"When we do reggae, it's normally a one-chord or a two-chord, or whatever it is. With Sting, there'll be chord changes, key changes.
"You'll find a reggae beat but it'll have jazz chords on it. That was pretty interesting for me."
Sting, on the other hand, had to adapt his scholarly approach to Shaggy's more spontaneous style.
"I may have written almost the whole lyric and I would say to Shaggy 'Well, here's the theme. You write a verse of your own and see where that takes us.'
"So it became a kind of soup - you know, you throw something in a soup and it kind of fizzes a bit."
Clearly, Sting hasn't got a clue about soup. Culinary misunderstandings aside, though, the duo found common ground in their love of wordplay.
Just One Lifetime riffs on Lewis Carroll's The Walrus and the Carpenter, while Crooked Tree is a courtroom drama in which Shaggy plays the judge to Sting's condemned man.
"I always figured Shaggy wanted to wear a blonde wig and robes," quips Sting. "So I gave him that role."
Things get more serious on Dreaming in the USA, a Motown-inspired song that simultaneously celebrates America and frets over its future.
"I'm a military man who carried arms and fought in defence of America," sings Shaggy, referencing his time as a US Marine.
"I await the day when we will all inhabit a better America."
"I fought for the US government. I live in New York. I pay taxes in America," says the star. "When you see what's going on, these are dark times.
"America is a symbol of freedom, it's a symbol of democracy, and if that is threatened, we have to take this platform and use it to be a voice for the voiceless."
"I actually take the citation on the Statue of Liberty very seriously - 'Give me your tired, your poor, your huddled masses,'" adds Sting.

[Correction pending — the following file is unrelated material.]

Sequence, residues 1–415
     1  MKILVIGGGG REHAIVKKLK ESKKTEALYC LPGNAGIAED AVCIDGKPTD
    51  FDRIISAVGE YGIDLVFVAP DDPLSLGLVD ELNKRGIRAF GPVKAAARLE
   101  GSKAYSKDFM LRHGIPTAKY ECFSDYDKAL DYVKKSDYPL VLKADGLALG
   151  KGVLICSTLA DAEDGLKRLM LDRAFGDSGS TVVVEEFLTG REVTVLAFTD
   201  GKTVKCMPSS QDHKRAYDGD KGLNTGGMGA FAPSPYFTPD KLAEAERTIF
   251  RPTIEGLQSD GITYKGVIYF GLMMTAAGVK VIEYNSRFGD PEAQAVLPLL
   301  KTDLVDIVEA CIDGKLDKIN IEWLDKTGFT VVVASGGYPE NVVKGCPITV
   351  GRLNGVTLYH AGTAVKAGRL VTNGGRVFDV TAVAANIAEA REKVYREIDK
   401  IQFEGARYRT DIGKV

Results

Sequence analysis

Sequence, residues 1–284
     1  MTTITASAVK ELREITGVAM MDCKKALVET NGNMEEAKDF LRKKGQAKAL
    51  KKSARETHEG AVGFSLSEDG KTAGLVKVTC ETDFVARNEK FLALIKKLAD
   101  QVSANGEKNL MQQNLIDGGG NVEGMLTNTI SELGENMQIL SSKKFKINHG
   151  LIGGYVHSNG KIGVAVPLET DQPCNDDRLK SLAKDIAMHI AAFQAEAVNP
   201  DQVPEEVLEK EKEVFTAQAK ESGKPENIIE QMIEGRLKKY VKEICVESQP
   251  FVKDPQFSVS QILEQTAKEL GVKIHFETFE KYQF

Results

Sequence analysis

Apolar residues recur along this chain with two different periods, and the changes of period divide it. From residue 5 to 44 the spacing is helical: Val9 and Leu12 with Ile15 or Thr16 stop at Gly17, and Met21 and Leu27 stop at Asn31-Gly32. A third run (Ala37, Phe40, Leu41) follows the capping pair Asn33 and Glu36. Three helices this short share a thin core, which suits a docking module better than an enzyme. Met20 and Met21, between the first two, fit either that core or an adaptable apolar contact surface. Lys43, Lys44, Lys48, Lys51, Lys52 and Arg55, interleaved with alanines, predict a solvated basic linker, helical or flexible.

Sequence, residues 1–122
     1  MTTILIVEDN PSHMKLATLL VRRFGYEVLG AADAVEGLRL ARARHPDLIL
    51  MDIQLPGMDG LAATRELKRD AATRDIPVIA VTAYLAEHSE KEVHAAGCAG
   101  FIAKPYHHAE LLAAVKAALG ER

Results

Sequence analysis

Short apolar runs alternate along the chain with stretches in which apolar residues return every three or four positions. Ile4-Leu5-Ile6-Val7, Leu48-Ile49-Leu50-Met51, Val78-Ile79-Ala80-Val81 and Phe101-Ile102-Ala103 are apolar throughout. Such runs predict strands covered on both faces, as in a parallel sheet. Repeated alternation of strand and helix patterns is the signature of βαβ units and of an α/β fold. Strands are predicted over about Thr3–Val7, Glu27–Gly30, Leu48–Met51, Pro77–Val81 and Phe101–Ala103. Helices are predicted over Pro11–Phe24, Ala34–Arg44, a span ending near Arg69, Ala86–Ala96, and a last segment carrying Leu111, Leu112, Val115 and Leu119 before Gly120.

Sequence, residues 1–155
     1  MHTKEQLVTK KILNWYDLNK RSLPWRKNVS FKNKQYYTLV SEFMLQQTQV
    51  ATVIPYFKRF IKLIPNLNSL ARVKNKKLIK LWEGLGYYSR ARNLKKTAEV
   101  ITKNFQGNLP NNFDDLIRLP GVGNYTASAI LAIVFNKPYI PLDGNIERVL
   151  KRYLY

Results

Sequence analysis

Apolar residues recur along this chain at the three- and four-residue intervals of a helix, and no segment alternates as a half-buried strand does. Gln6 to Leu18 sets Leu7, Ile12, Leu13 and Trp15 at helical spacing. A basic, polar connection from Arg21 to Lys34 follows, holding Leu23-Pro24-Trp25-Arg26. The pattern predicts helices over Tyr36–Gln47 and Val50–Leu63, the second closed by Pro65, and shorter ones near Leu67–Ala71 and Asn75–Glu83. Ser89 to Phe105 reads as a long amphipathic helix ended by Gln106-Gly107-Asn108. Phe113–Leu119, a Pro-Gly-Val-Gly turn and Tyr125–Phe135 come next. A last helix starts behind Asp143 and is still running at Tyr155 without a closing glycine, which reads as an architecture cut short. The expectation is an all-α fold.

"So that song's really a reminder to the Americans that we love to protect those very important values. It's a love letter, but it also has a warning in it."
Shaggy adds: "As much as we're giving that message, there's a lot of hope in the record. There's a light at the end of the tunnel. You feel that things can change."
The songs will come to life when Sting and Shaggy head out on tour next month. Rather than play two separate sets, the musicians will both be on stage throughout the show.
"I'm going to be Shaggy's bass player, playing Mr Boombastic," grins Sting.
"And I'll be his hype man," says Shaggy, chuckling like Muttley.
"Why don't you just sing Fields of Gold and I'll do the toasting?" Sting suggests.
"Ah, that's my joint," Shaggy adds. "Fields of Gold is my favourite record. He knows that."
At the moment, they're billed as Sting and Shaggy - but fans have already given them a Brangelina-style portmanteau name.
"Really? What are we?" asks Shaggy.
The answer - and please avert your eyes if you're of a sensitive nature - is "Shagging".
"That's the best one I've heard so far!" roars Shaggy in approval.
"Woah. Yeah. It's not inappropriate," Sting adds. "I think we'll go with that. Shagging."
Sting and Shaggy's album 44/876 is released on Friday.